It's interesting how the most essential of life's questions sneak up on you like that.

Sunday, July 15, 2018

Drought

Drought. A word to strike fear in any gardener's heart, and especially in the heart of one who has acres of woods and loves ferns.

We haven't had any real rain since early in May. The woods are crisp-dry, which, combined with all the trees down after the wind storm a few weeks ago, brings to mind another word, even scarier than the word 'drought' and that word is 'fire'. Pine Ridge is a rocky ridge, with very little soil, and other than the beaver pond and the marsh, it is very quick to dry out.

The drought in 2012 did a lot of damage, particularly in the soil, and I was just starting to see some signs of recovery. Before 2012 there were Grape Ferns and Mushrooms and Indian Pipe plants... after 2012, there were none of these. The Botrychiums, the Mushrooms and the Indian Pipes all depend on in-soil mycorrhizal fungi, and I believe the drought decimated these. I was hoping they would recover and that new Grape Ferns and such would develop. The fern spores at least would still be around and would grow again. That's why this spring I was happy to see a few new Rattlesnake Ferns, small but coming, and a few of those small red mushrooms.

Sadly, the ferns have withered, and I haven't seen any more mushrooms. Rosie and I just went to a long walk in the woods (actually more a climb over/duck under, push-through-branches kind of a scramble) and we didn't find any. To add insult to injury, the ticks, which are supposed to be busy with other things in July, were out in force. I picked several off my pant legs, and one off my hand where it was scouting for a good drilling site.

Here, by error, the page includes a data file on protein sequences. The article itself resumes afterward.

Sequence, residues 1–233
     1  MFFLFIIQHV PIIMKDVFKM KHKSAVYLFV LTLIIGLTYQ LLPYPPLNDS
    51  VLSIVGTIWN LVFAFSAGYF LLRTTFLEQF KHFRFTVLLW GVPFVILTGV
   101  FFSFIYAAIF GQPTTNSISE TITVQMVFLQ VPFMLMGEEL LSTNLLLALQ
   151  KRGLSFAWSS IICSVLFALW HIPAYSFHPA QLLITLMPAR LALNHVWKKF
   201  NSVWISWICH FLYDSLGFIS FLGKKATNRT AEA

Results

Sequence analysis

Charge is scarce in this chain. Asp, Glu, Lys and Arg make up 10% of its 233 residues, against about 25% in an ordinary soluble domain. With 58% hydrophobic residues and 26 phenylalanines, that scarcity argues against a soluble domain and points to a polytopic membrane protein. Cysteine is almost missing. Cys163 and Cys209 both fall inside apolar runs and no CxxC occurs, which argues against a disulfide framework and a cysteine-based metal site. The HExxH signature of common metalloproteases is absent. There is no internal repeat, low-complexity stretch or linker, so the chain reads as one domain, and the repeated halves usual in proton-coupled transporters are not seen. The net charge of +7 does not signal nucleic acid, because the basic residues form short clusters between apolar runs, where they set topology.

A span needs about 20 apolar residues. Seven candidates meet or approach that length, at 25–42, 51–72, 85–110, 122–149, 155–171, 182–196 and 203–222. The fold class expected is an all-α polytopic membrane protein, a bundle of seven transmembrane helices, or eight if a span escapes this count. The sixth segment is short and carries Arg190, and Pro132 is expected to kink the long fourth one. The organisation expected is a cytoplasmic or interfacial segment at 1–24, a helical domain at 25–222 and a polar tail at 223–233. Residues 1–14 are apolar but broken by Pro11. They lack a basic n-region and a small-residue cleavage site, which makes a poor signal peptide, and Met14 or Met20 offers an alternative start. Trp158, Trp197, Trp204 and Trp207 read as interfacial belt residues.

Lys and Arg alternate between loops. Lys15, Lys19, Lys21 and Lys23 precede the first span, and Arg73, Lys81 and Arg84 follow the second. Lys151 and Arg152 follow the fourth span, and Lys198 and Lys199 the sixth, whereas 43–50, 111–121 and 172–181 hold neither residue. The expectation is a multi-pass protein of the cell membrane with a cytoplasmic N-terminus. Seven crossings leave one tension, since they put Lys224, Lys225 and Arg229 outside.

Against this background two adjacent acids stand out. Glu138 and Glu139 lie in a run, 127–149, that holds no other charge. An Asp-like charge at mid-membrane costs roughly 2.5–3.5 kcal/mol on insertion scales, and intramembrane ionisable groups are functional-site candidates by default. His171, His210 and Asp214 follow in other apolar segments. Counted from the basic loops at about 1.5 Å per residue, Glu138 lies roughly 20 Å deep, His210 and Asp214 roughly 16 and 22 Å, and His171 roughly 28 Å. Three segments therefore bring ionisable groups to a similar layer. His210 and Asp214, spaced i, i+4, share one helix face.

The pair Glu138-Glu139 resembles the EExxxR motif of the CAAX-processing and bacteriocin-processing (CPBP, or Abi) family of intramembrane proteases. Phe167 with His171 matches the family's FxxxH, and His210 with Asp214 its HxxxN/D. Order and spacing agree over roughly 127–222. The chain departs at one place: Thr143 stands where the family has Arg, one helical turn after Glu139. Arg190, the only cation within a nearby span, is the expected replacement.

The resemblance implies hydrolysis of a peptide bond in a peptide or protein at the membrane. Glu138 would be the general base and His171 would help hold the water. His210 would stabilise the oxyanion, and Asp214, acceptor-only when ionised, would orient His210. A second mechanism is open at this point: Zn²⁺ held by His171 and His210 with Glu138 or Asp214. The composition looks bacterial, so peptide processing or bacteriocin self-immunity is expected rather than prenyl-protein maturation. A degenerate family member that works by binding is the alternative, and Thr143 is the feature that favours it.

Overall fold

I guess I'm feeling worse about the current dryness because I was hopeful that things were getting back to normal. Isn't that what we gardeners do? We're always convinced: 'next year will be better': next year the wind won't smash down all the Bearded Iris, next year the Roses will bloom for the garden tour, next year the resident Bear won't eat all the strawberries, plants and all, next year it will rain... but sometimes the spirit flags and a feeling of defeat sets in.


On the up-side, I have about 6 Monarch Butterflies wafting around the garden, there seem to be heaps of birds, including a comical family of 4 young Eastern Phoebes which swoop through the Studio and back out making twittering noises the whole time, and there's a small flower bud on one of my hardy cacti.

And it might rain. Maybe.

Sunday, July 1, 2018

Canada Day - 37 Degrees in the Shade

It being ridiculously hot, unbelievably humid, and the day of my Canada Day party (later, later), Rosie and I went for a slow wander to find things to appreciate on this festive day.

We admired the Siberian Iris. These very dark purple ones are always a lot later than the other ones, and the colour is amazing. I once parked a small clump of them beside the driveway and they have become a decent sized patch. They like the same conditions as the Wild Lupines which also like this damp spot.

deep purple siberian iris flowers
I really must move some of them into the Hillside garden where they'll give a much-needed jolt to all the yellows there.

listera auriculata orchid



My little orchid has re-appeared this year, still in it's mat of Thyme.

It's probably, at least I think it probably is, Listera loeseli. The flowers are green (the yellow ones are old and past their prime) and tiny.  Loesel's Twayblade isn't uncommon, but I've never seen it except where it came up in my Rockery a few years ago.

 Bad picture, but it's 37 C and the whole plant is all of 6" high.






 Further along, Rosie found a strange rock...

She didn't dare get too close, and watched me until I caught up. When you spot something weird and possibly dangerous, you need The Boss nearby! A nice, rather large Blandings Turtle. She refused to stick her head out, and because I was expecting someone to drive in, I moved her off the gravel into the edge of the woods. We get a lot of turtles coming inland from the marsh to lay eggs. So far this year we've seen about a dozen Painted Turtles, one Snapping, and one Blandings.